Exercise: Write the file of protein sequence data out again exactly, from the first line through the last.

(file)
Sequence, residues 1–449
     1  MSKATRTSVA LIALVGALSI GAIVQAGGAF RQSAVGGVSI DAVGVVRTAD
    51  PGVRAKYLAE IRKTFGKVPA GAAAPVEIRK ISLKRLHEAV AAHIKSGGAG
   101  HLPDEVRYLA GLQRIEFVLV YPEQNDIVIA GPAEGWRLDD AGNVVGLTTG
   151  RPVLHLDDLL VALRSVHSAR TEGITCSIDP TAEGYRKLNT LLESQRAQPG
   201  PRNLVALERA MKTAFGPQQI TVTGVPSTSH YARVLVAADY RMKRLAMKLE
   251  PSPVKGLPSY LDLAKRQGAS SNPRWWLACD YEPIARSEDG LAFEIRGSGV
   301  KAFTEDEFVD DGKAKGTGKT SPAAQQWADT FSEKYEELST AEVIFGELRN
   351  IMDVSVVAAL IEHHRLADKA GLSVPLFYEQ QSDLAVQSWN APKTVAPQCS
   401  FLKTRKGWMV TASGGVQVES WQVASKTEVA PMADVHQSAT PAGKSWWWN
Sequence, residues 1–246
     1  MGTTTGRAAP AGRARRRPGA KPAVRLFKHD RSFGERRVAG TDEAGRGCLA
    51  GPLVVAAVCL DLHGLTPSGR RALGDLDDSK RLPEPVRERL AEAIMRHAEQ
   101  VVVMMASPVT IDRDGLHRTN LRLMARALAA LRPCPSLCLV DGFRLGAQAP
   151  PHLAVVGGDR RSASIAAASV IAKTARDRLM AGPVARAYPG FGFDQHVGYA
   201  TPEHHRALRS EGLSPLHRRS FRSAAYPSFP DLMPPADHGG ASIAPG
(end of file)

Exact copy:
Sequence, residues 1–449
     1  MSKATRTSVA LIALVGALSI GAIVQAGGAF RQSAVGGVSI DAVGVVRTAD
    51  PGVRAKYLAE IRKTFGKVPA GAAAPVEIRK ISLKRLHEAV AAHIKSGGAG
   101  HLPDEVRYLA GLQRIEFVLV YPEQNDIVIA GPAEGWRLDD AGNVVGLTTG
   151  RPVLHLDDLL VALRSVHSAR TEGITCSIDP TAEGYRKLNT LLESQRAQPG
   201  PRNLVALERA MKTAFGPQQI TVTGVPSTSH YARVLVAADY RMKRLAMKLE
   251  PSPVKGLPSY LDLAKRQGAS SNPRWWLACD YEPIARSEDG LAFEIRGSGV
   301  KAFTEDEFVD DGKAKGTGKT SPAAQQWADT FSEKYEELST AEVIFGELRN
   351  IMDVSVVAAL IEHHRLADKA GLSVPLFYEQ QSDLAVQSWN APKTVAPQCS
   401  FLKTRKGWMV TASGGVQVES WQVASKTEVA PMADVHQSAT PAGKSWWWN
Sequence, residues 1–246
     1  MGTTTGRAAP AGRARRRPGA KPAVRLFKHD RSFGERRVAG TDEAGRGCLA
    51  GPLVVAAVCL DLHGLTPSGR RALGDLDDSK RLPEPVRERL AEAIMRHAEQ
   101  VVVMMASPVT IDRDGLHRTN LRLMARALAA LRPCPSLCLV DGFRLGAQAP
   151  PHLAVVGGDR RSASIAAASV IAKTARDRLM AGPVARAYPG FGFDQHVGYA
   201  TPEHHRALRS EGLSPLHRRS FRSAAYPSFP DLMPPADHGG ASIAPG